Friday, February 13, 2009

Updated S&P EPS - Throwing in the Refrigerator...

... and the oven, and the dishwasher, etc.

Apparently, the media is finally catching up with the S&P EPS estimates that have been out for a few days now and which I wrote about in the Kitchen Sinks & Miracles post. It would seem that this quarter is going to see everything thrown in as - amazingly - S&P has actually revised EPS for Q4/08 downward again. This is at least the 2nd update of EPS this week and this latest one holds some significant changes. And perhaps not coincidentally, there have been new discussions of valuation of SPX so I'm going to do a little updating on that topic as well.

First, let's have a new look at the SPX EPS estimates for both operating (opEPS) and as reported EPS (arEPS). Just this week opEPS for Q4/08 was revised from $6.33 on 2/10 to $5.77 on 2/13. The arEPS values were arguably even worse as it went from -$8.79 to -$10.44. Evidently, the hits just kept on coming. Perhaps more ominously is that this last revision took down Q1/09 arEPS estimate -15% from $9.87 to $8.36. And looking at the chart, this is the first revision of arEPS in some time that shows a significantly lower outlook for all of 2009 and into 2010. On average, the reduction was roughly -22.5%. However, the opEPS reductions was not nearly as severe, which would imply that S&P is expecting more write-downs, charge-offs, reductions in goodwill or whatever continuing for the next several quarters.

As in the prior post, here's a look at the EPS estimates over time. As already noted, the arEPS negative value is unprecendented. What is very interesting to me, from a trading perspective is the comparison between the tech implosion and current forecasts. The projections for Q4/09 opEPS show a recovery only to the levels of Q3/05. The case of arEPS Q4/09 has a projected value that puts it somewhere in between Q2 and Q3/02. Interestingly, the current level of SPX roughly corresponds to the SPX level between Q2 & Q3/02. I'm not quite sure what to make of this. (I won't even touch the effects of inflation/deflation here - that's far too expansive a topic for my little blog.) At today's SPX close, the PE based on opEPS - assuming no further revisions to the current quarter's EPS report - is 14.93 Using arEPS - which again, is what S&P itself will actually use for the PE of the index - the PE is 29.86!

When I wrote the last post on SPX earnings, I only briefly touched on the historical PE and just made some references. Then I looked back at my post archive and realized that some of the data I was pointing to was actually in some work I had done prior to starting this blog. I'm going to correct that here and update it a little bit.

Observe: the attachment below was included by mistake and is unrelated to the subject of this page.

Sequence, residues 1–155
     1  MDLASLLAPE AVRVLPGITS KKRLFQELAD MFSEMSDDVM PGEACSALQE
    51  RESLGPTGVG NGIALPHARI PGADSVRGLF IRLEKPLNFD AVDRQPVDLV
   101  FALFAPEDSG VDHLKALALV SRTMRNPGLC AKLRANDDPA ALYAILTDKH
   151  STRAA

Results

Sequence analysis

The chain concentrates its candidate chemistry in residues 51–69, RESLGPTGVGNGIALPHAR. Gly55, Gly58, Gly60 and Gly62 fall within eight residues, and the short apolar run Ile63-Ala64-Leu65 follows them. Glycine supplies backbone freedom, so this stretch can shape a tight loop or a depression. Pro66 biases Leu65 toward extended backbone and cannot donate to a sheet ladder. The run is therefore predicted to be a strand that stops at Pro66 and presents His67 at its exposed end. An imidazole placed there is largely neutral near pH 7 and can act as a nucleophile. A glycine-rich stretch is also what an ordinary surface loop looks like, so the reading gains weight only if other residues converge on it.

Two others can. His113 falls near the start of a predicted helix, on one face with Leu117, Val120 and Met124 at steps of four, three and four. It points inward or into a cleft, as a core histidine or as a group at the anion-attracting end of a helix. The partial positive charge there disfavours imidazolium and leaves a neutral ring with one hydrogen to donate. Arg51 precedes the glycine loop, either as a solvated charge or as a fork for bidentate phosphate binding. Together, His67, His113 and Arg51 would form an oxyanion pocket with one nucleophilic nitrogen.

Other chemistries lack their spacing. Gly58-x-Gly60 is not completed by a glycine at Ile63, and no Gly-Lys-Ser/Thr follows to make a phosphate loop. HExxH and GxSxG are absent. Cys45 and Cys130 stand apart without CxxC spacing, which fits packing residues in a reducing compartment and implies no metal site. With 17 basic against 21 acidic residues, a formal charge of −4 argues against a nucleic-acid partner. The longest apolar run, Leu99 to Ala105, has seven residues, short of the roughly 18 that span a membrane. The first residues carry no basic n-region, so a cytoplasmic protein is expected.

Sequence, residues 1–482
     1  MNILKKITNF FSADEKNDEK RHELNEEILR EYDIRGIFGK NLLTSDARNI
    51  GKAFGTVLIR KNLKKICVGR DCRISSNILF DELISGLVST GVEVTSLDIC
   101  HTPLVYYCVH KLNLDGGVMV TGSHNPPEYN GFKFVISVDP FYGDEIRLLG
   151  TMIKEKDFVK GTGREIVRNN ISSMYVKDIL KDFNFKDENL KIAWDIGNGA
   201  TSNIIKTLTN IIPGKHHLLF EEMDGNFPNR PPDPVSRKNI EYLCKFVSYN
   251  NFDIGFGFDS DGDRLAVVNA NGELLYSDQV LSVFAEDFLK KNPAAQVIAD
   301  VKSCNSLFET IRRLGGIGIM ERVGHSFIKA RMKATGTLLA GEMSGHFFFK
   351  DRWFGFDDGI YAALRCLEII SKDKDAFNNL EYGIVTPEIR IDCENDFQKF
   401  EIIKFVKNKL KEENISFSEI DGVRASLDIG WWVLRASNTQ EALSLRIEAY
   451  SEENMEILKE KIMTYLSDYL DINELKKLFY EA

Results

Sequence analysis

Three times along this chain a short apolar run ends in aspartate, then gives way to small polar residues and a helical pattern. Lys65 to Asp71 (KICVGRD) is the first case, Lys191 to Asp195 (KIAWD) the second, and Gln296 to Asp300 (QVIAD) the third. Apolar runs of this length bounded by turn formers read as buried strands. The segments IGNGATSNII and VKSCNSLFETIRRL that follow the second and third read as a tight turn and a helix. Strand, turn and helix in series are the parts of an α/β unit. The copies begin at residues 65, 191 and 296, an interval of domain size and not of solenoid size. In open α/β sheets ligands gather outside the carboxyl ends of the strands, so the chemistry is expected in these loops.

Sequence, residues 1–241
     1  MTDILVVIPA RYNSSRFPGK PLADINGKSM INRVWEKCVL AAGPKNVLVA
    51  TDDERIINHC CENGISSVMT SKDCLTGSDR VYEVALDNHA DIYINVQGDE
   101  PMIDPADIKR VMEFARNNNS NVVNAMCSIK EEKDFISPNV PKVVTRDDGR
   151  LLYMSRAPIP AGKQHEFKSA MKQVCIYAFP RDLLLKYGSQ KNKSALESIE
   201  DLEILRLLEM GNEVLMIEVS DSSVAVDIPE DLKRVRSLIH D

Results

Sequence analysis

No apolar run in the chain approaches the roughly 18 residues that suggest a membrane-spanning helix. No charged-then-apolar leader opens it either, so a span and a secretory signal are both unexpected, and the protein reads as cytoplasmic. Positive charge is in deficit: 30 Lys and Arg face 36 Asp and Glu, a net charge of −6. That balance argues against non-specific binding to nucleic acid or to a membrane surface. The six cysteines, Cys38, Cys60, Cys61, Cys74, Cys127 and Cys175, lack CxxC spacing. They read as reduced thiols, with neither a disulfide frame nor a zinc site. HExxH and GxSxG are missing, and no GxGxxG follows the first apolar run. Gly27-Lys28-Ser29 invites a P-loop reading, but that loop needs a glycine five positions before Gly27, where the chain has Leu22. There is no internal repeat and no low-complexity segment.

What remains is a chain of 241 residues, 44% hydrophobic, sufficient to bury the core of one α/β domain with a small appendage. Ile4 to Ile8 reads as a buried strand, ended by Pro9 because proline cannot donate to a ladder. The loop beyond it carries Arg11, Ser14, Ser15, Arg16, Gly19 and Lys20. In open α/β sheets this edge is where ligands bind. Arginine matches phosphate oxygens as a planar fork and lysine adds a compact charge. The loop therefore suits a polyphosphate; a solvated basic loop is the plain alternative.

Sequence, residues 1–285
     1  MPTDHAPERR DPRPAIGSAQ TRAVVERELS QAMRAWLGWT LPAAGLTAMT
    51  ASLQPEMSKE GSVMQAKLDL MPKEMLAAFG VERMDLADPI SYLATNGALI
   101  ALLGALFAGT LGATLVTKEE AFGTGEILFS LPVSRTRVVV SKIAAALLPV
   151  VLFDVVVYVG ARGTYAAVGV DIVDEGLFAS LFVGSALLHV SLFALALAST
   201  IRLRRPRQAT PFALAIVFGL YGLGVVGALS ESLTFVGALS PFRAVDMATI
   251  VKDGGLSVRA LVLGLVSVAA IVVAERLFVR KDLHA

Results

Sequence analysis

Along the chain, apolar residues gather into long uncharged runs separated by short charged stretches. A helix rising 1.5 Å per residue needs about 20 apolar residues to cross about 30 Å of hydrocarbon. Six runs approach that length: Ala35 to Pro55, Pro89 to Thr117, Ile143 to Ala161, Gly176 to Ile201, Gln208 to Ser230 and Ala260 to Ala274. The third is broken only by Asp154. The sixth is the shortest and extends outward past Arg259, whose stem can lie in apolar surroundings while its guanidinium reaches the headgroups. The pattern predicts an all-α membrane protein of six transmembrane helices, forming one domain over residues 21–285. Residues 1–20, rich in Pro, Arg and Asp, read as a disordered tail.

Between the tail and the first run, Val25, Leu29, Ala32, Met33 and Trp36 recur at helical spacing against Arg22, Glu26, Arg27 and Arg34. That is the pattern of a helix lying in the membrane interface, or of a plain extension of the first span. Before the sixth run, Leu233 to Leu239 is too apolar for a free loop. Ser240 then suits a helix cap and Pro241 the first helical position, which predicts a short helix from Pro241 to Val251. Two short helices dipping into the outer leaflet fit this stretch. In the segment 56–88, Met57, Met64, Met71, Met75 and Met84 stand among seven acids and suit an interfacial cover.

At the right is a chart showing the trailing-twelve-month PE value using both arEPS and opEPS for calculation since 1988. Also included are the reported EPS values. (I thought it better to clutter the chart than the entry itself.) First, the average PE(arEPS) = 19.25 and the PE(opEPS) = 22.81. S&P only has data for opEPS going back to 1988, hence the limitation. In an earlier post on SPX and P/E, I looked at Shiller's historic data of arEPS and noted the average P/E from 1950 to Dec. 2008 was 16.59 with a standard deviation of 6.76. Considering the above mentioned PE values, neither metric is in "value" territory. However, look closely at the chart - specifically in the 2002-2003 period - when the market finally bottomed the PE(arEPS) was a still-elevated 27.14 and the PE(opEPS) was 18.51. Both of these are above the average. So what changed to put in the bottom? My guess is a recovery in arEPS. Yes, there was still another quarter before the true bottom in arEPS but by then, opEPS had shown some steady (if small) improvement.

My point in discussing this is that when various bears talk about how the market is overvalued and then they project SPX will be at such-and-such a level based on some multiple, they are suffering from similar biases as bulls. There is no "correct" multiple. Sure, you can hazard a guess based on history but look again at the chart right in the middle of the tech bust - the PE(opEPS) reached the mid-40s! That to me, signals that market players refused to come to terms with the reality of a burst bubble and corporate earnings although eventually they threw in the towel - sort of - and the market reached a bottom. So what you find right now is a debate of sorts. On one side you have bulls performing a sleight of hand claiming the market is cheap because PE(opEPS) is below the average PE(arEPS). And on the other you have bears claiming that the market will have to go down because it should have a PE of 15 and earnings going forward are awful. Granted, I have more sympathy for the bears, but to slap a 15 PE on SPX because that's what you consider a "fair value" is absurd in the face of popular delusion. The evidence that the bottom can form even when stocks are overvalued relative to historical averages is right there. Could multiple contraction occur? Certainly, and if popular trust is crushed by more revelations of criminal and rigged behaviour on the part of market makers, it could happen. (This was a major factor in Japan in their post-bubble era.) This would require a change in American popular sentiment that I suspect is no longer possible.

My (currently under-developed) opinion: In the next few years, the market will return to a situation in which investing is done based much more on dividends than on capital gains.

Always remember: "The market can stay irrational longer than you can remain solvent."